I went up on Sunday and saw it for myself, just the vast area and how easy it would be to miss anything. You mentioned coordination which brings a question to mind – you’ve heard quite a few questions about it in the press conference. There’s been a lot of criticism of the Malaysian Government about how they’ve led this investigation, families have been demanding answers, and have felt they have not gotten them. The Prime Minister’s announcement last night – was that in coordination with the spotting of this debris or was these two separate events that happened to coincide on one day?
I really cannot comment about that. I think as analysis is carried out on quite complex systems, satellite received telemetry, all of these things take a long time to get the experts to focus and unravel amongst all of the other things these highly complex devices are doing. Bear in mind they receive an awful lot of telemetry from an awful lot of civil aviation assets that are flying around every minute of every day – so to sort out from the clutter – exactly this aircraft and its location is a major task. And I think they’ve achieved something that might be the beginning of something concrete. But let’s not get ahead of ourselves. As I say, when we pull something out of the ocean and someone says this is clearly a part of this aircraft, I think that will be a significant step.
As someone who is helping to lead one of the major parts of this effort, the investigation here, as the Minister of Defence, do you think the criticism of your counterparts in Malaysia has been fair because there’s been a lot of focus on that during this investigation?
Hindsight is always a wonderful thing during mysteries such as this but I think the blame game is a long way from even being started. Now, my heart goes out to the Malaysian authorities, not to mention the family and friends of the crew and passengers. Look, this has been a tragedy that has come from nowhere, who would have anticipated anything like this, an aircraft just going off the radar? And now we believe it’s about three and a half thousand kilometres away from where it was supposed to be at its last point of identification – and may I say – in one of the most outrageously remote parts of the planet. I mean, there is just nothing down there and our planes have to spend, as I say, four hours in the air before they even get close to this region. And, then they’ve got an area, as we say in Australia, about the size of (the state of) Victoria to fly around. This is a very, very difficult task.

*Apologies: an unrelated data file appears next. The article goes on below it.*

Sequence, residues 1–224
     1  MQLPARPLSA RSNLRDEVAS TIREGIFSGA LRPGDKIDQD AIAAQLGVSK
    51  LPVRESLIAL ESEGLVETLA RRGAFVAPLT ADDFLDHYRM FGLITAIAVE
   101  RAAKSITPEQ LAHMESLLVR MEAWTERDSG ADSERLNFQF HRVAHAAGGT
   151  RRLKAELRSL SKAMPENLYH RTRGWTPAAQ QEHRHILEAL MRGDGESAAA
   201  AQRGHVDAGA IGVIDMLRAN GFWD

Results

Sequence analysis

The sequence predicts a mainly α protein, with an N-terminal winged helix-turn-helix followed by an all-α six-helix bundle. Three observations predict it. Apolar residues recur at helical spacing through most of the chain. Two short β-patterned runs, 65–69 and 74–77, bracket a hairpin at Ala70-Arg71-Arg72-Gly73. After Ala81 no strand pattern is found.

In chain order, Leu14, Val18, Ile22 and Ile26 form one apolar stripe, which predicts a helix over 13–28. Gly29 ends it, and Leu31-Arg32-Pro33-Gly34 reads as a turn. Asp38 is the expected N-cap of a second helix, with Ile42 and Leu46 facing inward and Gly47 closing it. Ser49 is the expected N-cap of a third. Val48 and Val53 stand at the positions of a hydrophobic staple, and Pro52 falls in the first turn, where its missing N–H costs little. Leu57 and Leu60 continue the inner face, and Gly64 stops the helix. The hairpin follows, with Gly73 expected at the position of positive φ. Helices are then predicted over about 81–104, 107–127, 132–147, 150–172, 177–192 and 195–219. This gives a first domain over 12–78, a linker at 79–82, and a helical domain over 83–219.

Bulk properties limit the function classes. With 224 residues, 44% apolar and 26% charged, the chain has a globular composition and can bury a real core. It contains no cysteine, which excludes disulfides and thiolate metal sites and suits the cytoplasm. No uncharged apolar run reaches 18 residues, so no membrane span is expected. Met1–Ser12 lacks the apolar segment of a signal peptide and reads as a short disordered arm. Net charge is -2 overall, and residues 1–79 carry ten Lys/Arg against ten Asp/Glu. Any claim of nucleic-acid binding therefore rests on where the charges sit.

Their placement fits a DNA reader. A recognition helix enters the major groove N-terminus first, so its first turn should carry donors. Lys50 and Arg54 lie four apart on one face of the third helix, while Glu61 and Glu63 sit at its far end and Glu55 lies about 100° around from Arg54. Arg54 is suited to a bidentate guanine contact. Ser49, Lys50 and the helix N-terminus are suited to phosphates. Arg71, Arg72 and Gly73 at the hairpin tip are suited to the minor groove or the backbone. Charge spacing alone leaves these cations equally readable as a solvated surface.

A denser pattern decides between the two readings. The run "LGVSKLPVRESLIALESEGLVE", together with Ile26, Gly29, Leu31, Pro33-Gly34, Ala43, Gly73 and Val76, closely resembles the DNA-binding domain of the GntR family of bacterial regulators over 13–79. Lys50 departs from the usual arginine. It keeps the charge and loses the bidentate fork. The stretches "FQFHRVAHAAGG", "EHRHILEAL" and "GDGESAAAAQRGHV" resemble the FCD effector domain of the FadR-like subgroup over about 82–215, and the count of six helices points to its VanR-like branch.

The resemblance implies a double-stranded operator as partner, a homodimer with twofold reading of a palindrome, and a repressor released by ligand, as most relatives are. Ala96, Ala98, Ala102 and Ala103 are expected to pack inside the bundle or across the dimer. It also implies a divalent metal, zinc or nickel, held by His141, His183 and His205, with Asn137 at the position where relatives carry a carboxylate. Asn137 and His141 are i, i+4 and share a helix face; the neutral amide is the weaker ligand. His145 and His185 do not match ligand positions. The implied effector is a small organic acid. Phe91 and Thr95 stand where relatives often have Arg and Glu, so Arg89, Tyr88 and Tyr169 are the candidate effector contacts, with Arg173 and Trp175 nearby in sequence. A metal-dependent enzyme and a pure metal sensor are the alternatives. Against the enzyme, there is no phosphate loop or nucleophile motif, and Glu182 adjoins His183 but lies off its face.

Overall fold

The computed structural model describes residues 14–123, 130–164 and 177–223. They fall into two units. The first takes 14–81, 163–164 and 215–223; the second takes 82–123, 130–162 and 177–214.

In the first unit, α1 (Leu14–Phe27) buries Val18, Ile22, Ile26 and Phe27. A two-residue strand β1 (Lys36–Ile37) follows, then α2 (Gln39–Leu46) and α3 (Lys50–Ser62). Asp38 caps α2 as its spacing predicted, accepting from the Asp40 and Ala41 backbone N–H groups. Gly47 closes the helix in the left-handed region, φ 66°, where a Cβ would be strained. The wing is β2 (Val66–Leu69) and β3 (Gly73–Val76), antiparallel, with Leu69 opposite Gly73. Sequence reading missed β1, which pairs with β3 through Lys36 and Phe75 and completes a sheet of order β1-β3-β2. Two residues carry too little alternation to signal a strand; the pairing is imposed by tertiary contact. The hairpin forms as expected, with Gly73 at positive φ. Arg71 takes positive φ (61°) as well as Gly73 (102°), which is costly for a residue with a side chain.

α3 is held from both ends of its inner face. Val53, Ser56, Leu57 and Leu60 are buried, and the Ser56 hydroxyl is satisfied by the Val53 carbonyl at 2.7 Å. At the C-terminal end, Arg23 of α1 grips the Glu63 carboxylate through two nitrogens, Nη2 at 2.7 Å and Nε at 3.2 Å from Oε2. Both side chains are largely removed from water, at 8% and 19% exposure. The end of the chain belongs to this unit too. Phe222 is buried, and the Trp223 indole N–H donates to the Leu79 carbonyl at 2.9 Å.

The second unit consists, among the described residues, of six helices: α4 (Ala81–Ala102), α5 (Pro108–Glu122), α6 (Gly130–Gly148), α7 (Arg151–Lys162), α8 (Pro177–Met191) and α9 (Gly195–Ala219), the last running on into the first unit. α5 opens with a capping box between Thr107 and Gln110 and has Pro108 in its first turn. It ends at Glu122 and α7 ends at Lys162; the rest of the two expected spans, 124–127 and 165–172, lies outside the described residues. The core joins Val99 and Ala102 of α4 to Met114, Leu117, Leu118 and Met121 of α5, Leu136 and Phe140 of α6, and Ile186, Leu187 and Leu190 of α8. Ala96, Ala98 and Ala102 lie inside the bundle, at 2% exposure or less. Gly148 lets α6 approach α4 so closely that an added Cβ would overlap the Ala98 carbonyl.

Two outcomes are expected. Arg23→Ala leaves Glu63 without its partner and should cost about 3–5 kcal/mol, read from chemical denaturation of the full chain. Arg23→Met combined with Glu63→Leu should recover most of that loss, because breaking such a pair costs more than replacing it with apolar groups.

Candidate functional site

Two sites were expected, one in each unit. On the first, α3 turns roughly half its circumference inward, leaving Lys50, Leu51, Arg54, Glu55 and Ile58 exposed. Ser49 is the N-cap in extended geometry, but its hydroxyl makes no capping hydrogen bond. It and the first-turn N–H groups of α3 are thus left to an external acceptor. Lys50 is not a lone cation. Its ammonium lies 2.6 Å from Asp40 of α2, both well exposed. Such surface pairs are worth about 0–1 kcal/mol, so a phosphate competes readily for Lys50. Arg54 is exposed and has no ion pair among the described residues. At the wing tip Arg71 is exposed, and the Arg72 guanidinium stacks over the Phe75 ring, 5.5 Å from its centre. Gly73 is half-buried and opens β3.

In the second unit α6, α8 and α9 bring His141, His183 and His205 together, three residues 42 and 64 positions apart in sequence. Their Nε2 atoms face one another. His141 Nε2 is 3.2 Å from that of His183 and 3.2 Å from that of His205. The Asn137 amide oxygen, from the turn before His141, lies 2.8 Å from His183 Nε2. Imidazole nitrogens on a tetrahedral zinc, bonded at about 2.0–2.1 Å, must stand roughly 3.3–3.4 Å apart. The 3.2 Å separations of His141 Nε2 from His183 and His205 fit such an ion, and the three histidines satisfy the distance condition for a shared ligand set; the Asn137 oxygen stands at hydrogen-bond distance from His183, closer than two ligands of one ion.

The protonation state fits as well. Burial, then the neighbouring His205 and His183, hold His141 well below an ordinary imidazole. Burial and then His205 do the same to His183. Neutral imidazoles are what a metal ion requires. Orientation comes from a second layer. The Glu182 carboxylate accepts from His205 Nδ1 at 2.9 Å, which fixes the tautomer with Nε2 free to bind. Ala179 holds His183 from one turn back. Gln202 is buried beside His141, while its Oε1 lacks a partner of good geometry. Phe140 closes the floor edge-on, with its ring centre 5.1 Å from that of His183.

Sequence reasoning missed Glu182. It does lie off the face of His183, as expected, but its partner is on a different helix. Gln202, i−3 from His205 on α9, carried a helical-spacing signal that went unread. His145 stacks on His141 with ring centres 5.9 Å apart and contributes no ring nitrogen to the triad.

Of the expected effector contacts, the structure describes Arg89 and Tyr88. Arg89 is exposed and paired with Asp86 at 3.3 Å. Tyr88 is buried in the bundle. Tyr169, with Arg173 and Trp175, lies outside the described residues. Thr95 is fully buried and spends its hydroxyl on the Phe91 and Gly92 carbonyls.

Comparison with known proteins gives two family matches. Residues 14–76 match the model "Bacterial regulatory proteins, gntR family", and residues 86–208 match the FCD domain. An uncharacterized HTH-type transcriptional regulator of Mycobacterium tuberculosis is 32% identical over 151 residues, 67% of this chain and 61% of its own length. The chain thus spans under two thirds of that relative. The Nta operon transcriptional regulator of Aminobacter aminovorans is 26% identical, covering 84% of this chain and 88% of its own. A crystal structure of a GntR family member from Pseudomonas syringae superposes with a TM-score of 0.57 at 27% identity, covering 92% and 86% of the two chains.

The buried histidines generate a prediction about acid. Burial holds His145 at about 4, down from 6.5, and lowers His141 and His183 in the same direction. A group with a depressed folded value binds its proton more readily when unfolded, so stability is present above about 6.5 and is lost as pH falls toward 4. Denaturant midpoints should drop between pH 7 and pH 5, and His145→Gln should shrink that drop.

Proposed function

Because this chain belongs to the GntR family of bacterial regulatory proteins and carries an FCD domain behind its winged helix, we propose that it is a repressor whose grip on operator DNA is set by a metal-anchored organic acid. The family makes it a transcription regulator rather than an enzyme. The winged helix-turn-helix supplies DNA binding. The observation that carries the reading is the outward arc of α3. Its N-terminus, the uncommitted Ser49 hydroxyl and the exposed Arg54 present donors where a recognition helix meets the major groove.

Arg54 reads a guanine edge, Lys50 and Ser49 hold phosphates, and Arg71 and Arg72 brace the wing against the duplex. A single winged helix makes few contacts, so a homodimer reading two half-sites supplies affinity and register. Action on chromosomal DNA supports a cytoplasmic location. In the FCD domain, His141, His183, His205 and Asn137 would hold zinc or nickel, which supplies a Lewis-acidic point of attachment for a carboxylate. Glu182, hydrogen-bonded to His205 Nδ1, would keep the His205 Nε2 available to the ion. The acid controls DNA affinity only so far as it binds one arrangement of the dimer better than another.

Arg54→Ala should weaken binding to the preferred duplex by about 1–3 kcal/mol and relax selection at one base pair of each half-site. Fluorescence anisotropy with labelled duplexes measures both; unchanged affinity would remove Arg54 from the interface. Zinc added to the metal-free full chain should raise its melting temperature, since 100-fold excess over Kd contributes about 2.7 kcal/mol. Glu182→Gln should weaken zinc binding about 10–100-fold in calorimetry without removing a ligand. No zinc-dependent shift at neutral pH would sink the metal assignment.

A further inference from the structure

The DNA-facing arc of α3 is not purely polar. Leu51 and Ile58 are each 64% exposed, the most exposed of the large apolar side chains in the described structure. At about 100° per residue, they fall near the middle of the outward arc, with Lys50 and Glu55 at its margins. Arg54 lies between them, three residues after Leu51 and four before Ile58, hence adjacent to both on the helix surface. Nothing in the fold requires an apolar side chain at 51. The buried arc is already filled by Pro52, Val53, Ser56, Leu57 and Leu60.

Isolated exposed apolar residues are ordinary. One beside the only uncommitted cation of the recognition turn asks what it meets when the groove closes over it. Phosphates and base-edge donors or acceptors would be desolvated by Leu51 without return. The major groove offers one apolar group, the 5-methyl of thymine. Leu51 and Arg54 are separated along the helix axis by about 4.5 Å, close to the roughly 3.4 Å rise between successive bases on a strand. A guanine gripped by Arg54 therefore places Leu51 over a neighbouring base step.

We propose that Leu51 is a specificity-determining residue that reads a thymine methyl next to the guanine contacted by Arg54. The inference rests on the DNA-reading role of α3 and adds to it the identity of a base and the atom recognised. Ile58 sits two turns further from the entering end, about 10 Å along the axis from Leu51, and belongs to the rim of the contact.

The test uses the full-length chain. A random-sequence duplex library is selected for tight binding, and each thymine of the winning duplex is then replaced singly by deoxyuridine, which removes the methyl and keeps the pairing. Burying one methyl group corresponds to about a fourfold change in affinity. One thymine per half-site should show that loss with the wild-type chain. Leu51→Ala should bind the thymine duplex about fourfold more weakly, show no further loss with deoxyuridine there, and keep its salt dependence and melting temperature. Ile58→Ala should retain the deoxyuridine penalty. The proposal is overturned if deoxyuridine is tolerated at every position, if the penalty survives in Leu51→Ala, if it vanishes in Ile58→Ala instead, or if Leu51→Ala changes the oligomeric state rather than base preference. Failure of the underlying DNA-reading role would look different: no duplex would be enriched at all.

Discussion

Final question. I know you are very busy and I appreciate your time. Vice Chief – you are not in the speculation game if I have ever met anyone in the military, I know that for sure. You are working very hard to spot this debris. Are you confident this effort will find the debris at some point – or do you think there is a chance that we will never find this plane even if it landed in the Indian Ocean?
Again, it’s difficult to speculate, but we take every bit of information that comes in and it’s been shared by many nations to try and refine the search area – but there is always the possibility actually that we might not find something next week or the week after. I think eventually something will come to light but it’s going to take time.
Other related releases
Minister for Defence - Reform of Air Warfare Destroyer Program
Minister for Defence – Transcript – Interview with Michael Smyth, 891 ABC Adelaide
Minister for Defence - Transcript - Interview with Geoff Hutchison mornings programme, 720 ABC Perth
Minister for Defence - Transcript - Interview with Geoff Hutchison, 720 ABC Perth
Minister for Defence - Transcript - Interview with Leigh Sales, 7.30 ABC